- A Walmart employee may continue with her Family and Medical Leave Act (FMLA) interference claim because, among other things, she was confused about the employer's call-out process, the 9th U.S. Circuit Court of Appeals held Oct. 6 (Hazelett v. Wal-Mart Stores, Inc., No. 19-16628 (9th Cir., Oct. 6, 2020)).
- The plaintiff was injured on the job and requested workers' compensation and a leave of absence. She called out each day and was in communication with the outside administrator that handled Walmart's workers' compensation claims and leave requests. She was eventually fired for her absences, not realizing that she had to communicate with two separate departments at the outside administrator, according to court documents.
- The employee sued, alleging FMLA interference. A federal district court granted summary judgment for Walmart, finding that the employee failed to establish an interference claim, as she did not comply with the employer's policies and procedures. On appeal, the 9th Circuit reversed, citing evidence that she called out every day, provided a doctor's note supporting her need for leave and that "confusion existed about having to notify one company of her workers’ compensation claim and her request for leave by having to contact two different departments within the same company." Question remain, the court said, "regarding whether [she] failed to comply with the policy and procedures for requesting leave, and whether such policies were ambiguous. The attempts she made to comply created issues of material facts to be decided at trial."
Employers are generally free to require that employees follow certain call-out procedures. "One of the most employer-friendly changes to the FMLA regulations over the years is the requirement that an employee is obligated to follow the employer’s usual and customary call-in procedures for reporting an FMLA absence," Jeff Nowak, now a shareholder at Litter, previously told HR Dive.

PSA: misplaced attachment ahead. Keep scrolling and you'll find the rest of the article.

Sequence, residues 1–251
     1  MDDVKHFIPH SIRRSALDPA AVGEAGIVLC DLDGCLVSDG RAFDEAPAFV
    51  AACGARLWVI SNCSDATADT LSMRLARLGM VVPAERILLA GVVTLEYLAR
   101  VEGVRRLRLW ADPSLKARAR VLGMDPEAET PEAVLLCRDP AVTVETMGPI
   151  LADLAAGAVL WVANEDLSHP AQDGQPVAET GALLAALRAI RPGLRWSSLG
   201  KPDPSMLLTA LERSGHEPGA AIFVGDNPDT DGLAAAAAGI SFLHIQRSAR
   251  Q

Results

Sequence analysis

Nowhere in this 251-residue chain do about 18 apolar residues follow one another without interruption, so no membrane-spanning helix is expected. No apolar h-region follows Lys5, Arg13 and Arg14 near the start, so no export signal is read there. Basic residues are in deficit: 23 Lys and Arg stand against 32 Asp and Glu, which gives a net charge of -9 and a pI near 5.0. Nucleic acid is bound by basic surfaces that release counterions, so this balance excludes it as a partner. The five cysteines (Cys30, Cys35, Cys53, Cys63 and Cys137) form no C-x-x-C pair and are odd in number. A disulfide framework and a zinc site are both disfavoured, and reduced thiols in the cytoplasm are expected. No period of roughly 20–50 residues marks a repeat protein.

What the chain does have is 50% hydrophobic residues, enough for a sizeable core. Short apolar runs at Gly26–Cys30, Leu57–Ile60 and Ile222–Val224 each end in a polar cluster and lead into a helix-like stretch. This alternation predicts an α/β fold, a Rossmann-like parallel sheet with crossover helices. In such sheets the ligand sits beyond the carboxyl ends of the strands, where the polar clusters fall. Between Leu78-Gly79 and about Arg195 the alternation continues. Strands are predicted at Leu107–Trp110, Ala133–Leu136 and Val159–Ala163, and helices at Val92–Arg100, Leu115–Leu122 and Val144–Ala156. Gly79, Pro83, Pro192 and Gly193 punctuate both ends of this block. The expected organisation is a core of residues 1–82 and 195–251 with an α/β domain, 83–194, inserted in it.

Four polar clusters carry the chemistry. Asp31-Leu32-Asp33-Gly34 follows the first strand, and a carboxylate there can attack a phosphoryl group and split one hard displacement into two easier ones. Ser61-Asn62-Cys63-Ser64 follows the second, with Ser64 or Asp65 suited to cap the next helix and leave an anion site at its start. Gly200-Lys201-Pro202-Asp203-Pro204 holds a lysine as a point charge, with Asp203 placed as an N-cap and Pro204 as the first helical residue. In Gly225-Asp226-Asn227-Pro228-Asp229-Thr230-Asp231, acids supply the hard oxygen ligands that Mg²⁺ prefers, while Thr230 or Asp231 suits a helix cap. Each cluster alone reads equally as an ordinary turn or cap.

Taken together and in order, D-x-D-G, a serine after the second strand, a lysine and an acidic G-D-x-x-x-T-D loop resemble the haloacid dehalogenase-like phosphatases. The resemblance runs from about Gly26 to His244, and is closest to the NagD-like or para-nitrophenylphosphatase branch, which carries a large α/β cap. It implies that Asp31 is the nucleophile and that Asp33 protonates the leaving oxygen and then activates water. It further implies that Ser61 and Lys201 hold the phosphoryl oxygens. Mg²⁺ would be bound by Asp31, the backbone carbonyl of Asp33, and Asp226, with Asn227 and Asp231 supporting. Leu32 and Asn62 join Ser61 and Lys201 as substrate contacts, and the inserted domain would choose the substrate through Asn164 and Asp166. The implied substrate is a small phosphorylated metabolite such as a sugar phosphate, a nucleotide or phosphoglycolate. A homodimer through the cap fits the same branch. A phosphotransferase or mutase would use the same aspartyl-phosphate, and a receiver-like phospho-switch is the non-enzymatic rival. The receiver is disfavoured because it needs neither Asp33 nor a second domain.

Notably, however, at least one court has held that an employer cannot deny FMLA leave based on FMLA-specific notice requirements that exceed what the employer requires for other types of leave. A federal district court reached that conclusion last year, approving a lawsuit against a Burger King operator for trial (Moore v. GPS Hospitality Partners IV, LLC, No. 17-0500 (S.D. Ala. Jun. 3, 2019)). Ultimately, the parties settled and Nowak, on his FMLA Insights blog, cautioned employers against putting too much weight on the Moore court's decision.
HR may need to design and communicate call-out policies carefully, however, as recent research revealed that employers are increasingly outsourcing leave administration. It's imperative to remember that outsourcing doesn't absolve employers of liability for violations: In 2018, a federal district court determined that an employer had interfered with an employee's FMLA rights when its third-party administrator delayed his return to work for a month (Eagle v. SMG Salt Palace, No. 2:17-cv-1132 (D. Utah, Nov. 30, 2018)).
HR also can train managers to enforce call-out policies consistently. If an employee who is being terminated for excessive absences tells you he has been texting his supervisor about FMLA absences, you may have a problem on your hands, Matt Morris, VP of FMLASource, ComPsych Corporation, told attendees at a 2018 conference. Managers shouldn't be undermining policies, he said.